So we in Pax Christi UK decided that Israel-Palestine would become more of a focus for our own awareness-raising and our own campaigning. And also the other Pax Christi sections decided that as well. So we started having a look at some common focus for advocacy and campaigning work as a movement.

Initially, that took the form of delegations to the region. We started producing resource materials, educational materials about what was happening, what the occupation was all about, its impact on people.

We started looking at peacemakers in Israel and in Palestine, surfacing the voices of those on both sides who were trying to work on peacemaking in communities, looking at the faith dimension of what was going on in the region.

In 2003–2004, we had an international campaign with Pax Christi branches in about eight other countries on the separation wall [an illegal barrier Israel is building almost entirely on Palestinian land in the West Bank – ed]. We tried to do advocacy work on that, with the European Union, with our own government.

Under attack

We had some quite difficult times in the mid-2000s with some Jewish and Christian groups who were coming to us and saying: ‘How dare you, you’re a Catholic group, you shouldn’t be creating division between Christians and Jews!’

We had to really hang on in there and talk, and have dialogue, and have meetings, and listen, and maintain our position that we had a very clear role in speaking out against injustice and human rights violations when they happen.

From our perspective, that wasn’t a critique of the Jewish faith or the Islamic faith or the Christian faith, that was a critique of the political set-up.

Also, when religion is used to reinforce prejudice or violence or is used to structurally oppress people, that religious base needs to be questioned and challenged.

We felt able to stand our own ground and to maintain our position and our own clarity about why we were doing what we were doing. It was less easy for Pax Christi in other countries, in Germany for example.

We are up against a strange strand of right-wing Christianity, Christian Zionism. Their vision is of an Israel either converted to Christianity or annihilated. In recent time it uses theology to justify exclusion, Israel only for Jewish people, and so legitimises the illegal occupation of the West Bank and Gaza. This is a hugely strong lobby.

I remember being attacked almost physically at a number of meetings where I had spoken.

A busload of Christian Zionists came to disrupt one meeting.The minute you mentioned the word ‘Palestine’, they would say: ‘There’s no such place.’

The minute you showed a map, they would challenge that. Just shouting everything down.

Someone spitting in my face. At one stage, I was ‘the devil’. Those groups seemed to have calmed down somewhat, I haven’t heard of them since the mid-2000s.

The spice of life

Working at Pax Christi, I think almost every day, you could have a plan at the beginning of the day, and then the day evolved and the plan would shift somewhat.

The days would vary from trying to write a leaflet that we were going to give out that night at St Martin-in-the-Fields (in central London), to co-operating on trying to get a lobby of parliament together, to emptying the dustbins, to making lunch for the volunteers, to trying to get the bishops to come out with a statement because we felt the faith groups could get their different church leaders behind something. The variety was enormous.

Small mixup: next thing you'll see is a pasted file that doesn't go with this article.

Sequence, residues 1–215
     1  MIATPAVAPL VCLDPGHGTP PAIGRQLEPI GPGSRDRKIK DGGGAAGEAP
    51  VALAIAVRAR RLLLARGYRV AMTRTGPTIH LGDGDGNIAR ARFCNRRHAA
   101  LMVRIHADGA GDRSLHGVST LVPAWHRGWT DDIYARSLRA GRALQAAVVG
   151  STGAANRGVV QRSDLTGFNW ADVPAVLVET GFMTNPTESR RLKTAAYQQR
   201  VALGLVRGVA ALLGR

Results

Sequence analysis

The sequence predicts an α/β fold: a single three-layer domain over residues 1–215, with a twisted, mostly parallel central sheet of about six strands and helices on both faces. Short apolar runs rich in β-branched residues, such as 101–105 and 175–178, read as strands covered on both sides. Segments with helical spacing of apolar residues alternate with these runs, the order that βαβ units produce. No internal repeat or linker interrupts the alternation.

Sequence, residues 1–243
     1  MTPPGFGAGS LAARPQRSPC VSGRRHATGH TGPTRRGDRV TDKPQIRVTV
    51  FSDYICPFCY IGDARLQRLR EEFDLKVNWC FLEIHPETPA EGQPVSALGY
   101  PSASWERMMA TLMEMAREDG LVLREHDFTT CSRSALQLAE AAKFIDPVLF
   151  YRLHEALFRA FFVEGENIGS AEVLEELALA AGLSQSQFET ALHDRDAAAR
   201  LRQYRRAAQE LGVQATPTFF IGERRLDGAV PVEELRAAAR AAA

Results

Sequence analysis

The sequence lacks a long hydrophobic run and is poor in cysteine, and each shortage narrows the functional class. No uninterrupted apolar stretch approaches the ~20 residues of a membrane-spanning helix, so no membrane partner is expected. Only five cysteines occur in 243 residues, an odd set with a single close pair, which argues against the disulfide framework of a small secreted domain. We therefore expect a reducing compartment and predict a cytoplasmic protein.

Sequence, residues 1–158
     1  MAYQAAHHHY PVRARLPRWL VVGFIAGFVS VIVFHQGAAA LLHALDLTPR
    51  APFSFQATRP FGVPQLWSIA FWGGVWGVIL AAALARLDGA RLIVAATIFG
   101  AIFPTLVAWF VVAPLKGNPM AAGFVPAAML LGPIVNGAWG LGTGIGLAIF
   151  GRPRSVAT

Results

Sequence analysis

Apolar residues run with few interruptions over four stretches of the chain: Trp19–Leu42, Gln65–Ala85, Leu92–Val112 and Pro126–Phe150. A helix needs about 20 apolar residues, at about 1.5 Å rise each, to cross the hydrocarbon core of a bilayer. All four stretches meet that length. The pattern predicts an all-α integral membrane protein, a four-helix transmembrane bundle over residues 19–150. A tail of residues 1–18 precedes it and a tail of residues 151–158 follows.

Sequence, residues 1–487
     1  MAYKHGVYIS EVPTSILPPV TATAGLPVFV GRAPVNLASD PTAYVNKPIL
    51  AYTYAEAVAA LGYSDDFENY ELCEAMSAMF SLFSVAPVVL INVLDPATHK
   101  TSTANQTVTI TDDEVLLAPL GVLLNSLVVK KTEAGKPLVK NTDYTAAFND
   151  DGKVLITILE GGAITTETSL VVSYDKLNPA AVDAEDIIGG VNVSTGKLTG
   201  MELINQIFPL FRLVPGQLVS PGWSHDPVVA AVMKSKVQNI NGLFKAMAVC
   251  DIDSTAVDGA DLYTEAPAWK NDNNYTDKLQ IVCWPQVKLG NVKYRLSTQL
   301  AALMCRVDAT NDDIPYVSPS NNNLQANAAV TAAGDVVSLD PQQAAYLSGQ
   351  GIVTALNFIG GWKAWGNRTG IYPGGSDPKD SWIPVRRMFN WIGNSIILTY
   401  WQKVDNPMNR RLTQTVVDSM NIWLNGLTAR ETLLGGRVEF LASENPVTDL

You might have a bit of all of those things in the course of a day.

What a great gift to be in an organisation where you're able to have that variety, where it draws out the best in people!

Gathering people

We also made a decision to try and really decentralise by being present around the country. So I spent quite a lot of time really trying to work around the country, visiting members, working with groups, learning from people, encouraging people as a way of growing the movement.

The way we work in the Catholic church is that Pax Christi is an agency but we work closely with partners in peace and justice work around the country, with religious communities, with religious orders. We would look for opportunities to hold regional gatherings, trainings, workshops, as a way of decentralising.

We did a series of regional gatherings with other agencies, with the Quakers, with Fellowship of Reconciliation, with CAAT, over a number of years in the early 2000s.

We decided that, collectively, we wanted to do gatherings around the country – in Bristol, in York, in Cardiff, in East Anglia, several others.

The whole idea was to try and bring people together, members of all those different groups, and part of it was networking, for people to actually meet one another – because we're not good at getting out of our own boxes.

There we had a room of maybe 100 people, probably most of whom had never met before but they were all beavering away on similar issues.

We would have done a training day that would have been partly getting people to articulate what brought them into the peace movement, what issue, what concern, what experience brought them in? Sharing that with others.... What keeps them in the movement? What do they need to be sustained?

Then we would have offered maybe a variety of workshops, a workshop on campaigning, on peace education, on the arms trade.... Then we would have sessions where people could showcase their own work. What's the strength of a local CAAT group, for example?

Then we would have a session on: 'How might you work and co-operate together beyond this?' That was an example of working with other organisations.

Nonviolence at home

Working in a more focused way with Pax Christi groups, I have been doing some work in the last couple of years on growing the Catholic nonviolence work.

Trying to do more explicit work on how people see nonviolence, what they understand by it, looking at the focus of the Gospels, and what we would say is a gospel of nonviolence.

Looking at the model of Jesus, his words, his actions, his interventions, what do we see there about nonviolence in action?

Pax Christi has always invested in peace education in the formal school sector. A lot of our other work is also education.

Formally, in schools, we’ve always had a peace education worker, they’ve always been fantastic people, they’ve created excellent resources. But one person trying to multiply a whole lot of things, it’s very difficult.

Global nonviolence